"They ain't nothin' you can do," said Shorty. "They steal the jam right off yer bread."

As for the rats, speaking in the light of later experience, I can say that an army corps of pied pipers would not have sufficed to entice away the hordes of them that infested the trenches, living like house pets on our rations. They were great lazy animals, almost as large as cats, and so gorged with food that they could hardly move. They ran over us in the dugouts at night, and filched cheese and crackers right through the heavy waterproofed covering of our haversacks. They squealed and fought among themselves at all hours. I think it possible that they were carrion eaters, but never, to my knowledge, did they attack living men. While they were unpleasant bedfellows, we became so accustomed to them that we were not greatly concerned about our very intimate associations.”

Monday, 4 August 2014

First World War - 100 Years Today - Joining Up By George Coppard

For the 100th Anniversary of the start of the Great War, I am posting a small extract from the excellent book by George Coppard “With A Machine Gun To Canbrai.”

I think this interesting snippet captures how many young men felt in those days in early August 1914.

"Glossing over my childhood, I merely state that in 1914 I was just an ordinary boy of elementary education and slender prospects. Rumours of war broke out and I began to be interested in the Territorials trampling the streets in their big strong boots. Although I seldom saw a newspaper, I knew about the assassination of Archduke Ferdinand at Savajevo. News placards screamed out at every street corner and military bands blared out their martial music on the main streets of Croydon, This was too much for me to resist, and as if drawn by a magnet, I knew I had to enlist straight away.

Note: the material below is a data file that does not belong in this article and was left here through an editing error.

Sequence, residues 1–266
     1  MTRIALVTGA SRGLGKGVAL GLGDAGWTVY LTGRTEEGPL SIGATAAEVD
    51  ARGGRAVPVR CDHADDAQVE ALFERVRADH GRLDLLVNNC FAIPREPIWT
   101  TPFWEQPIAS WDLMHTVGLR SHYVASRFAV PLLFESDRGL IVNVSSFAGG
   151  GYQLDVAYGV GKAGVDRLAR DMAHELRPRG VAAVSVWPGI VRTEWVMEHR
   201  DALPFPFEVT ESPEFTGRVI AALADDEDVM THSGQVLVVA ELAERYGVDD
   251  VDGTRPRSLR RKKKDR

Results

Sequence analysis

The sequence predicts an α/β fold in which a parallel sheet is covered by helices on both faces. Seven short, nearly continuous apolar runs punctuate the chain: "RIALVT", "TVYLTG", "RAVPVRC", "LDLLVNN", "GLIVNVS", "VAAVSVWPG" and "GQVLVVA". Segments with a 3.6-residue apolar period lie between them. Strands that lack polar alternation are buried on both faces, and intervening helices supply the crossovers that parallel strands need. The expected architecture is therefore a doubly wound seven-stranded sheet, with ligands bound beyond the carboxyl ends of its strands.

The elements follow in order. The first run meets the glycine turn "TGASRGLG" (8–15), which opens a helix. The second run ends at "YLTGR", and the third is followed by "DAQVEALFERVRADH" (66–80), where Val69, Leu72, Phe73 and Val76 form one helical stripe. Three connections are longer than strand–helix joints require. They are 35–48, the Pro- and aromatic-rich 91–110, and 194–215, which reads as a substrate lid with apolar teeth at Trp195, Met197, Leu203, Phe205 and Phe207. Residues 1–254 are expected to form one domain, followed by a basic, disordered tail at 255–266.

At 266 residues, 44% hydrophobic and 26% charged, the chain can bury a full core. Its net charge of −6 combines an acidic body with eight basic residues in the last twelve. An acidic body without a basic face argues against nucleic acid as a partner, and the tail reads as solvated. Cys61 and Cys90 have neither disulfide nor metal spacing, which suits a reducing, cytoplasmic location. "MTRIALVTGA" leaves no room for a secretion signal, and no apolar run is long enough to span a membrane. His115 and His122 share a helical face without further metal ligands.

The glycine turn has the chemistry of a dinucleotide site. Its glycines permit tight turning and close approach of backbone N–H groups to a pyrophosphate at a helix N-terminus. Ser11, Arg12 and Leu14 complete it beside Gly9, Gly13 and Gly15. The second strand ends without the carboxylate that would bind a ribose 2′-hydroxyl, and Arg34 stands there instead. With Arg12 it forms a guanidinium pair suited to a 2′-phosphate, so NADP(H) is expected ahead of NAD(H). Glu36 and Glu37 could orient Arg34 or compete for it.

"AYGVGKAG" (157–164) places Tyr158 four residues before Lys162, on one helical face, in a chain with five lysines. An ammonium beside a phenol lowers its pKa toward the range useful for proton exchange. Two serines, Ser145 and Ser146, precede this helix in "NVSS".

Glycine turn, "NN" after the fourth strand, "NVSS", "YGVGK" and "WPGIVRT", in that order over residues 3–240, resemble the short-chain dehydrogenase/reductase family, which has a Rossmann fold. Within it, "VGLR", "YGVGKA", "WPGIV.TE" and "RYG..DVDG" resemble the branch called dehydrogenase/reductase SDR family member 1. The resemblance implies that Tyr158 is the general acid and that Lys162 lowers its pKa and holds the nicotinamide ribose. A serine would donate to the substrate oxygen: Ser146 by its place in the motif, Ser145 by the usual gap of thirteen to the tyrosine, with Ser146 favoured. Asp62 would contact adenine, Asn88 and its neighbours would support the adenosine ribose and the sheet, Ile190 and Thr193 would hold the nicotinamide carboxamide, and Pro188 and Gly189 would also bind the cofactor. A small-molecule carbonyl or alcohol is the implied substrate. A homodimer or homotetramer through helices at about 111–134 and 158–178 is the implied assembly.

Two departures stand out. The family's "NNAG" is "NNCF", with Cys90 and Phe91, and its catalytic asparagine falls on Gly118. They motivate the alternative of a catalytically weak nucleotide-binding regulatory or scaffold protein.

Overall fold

I had no fixed idea of what branch of the Army I wanted to join and considered I would be lucky if I was accepted at all. Although weighing over ten stone I was very much a boy in heart and mind. Towards the end of August I presented myself to the recruiting sergeant at Mitcham Road Barracks, Croydon. There was a steady stream of men, mostly working types, queuing up to enlist.  The sergeant asked my age and when told replied, “Clear off son. Come back tomorrow and see if you’re nineteen, eh?”  So I turned up again the next day and gave my age as nineteen. I attested in a bunch of a dozen others and, holding up my right hand, swore to fight for King and Country. The sergeant winked as he gave me the King’s  shilling, plus one shilling and ninepence ration money for that day. I believe he also got a shilling for each man he recruited.

I see from my discharge papers that I enlisted on 27th August 1914. As I was born on 28th January 1898, it follows that I was 16 years and 7 months old. The Battle of Mons had just been fought, and what was left of the Old Contemptibles was engaged in the famous retreat. I knew nothing about this. Like a log flung like into a giant river, I had only just started to move. Later on I was pushed from behind, relentlessly, without any chance of escape."

Sunday, 3 August 2014

First World War - The Troop Went Through by Edward Dyson

I HEARD this day, as I may no more,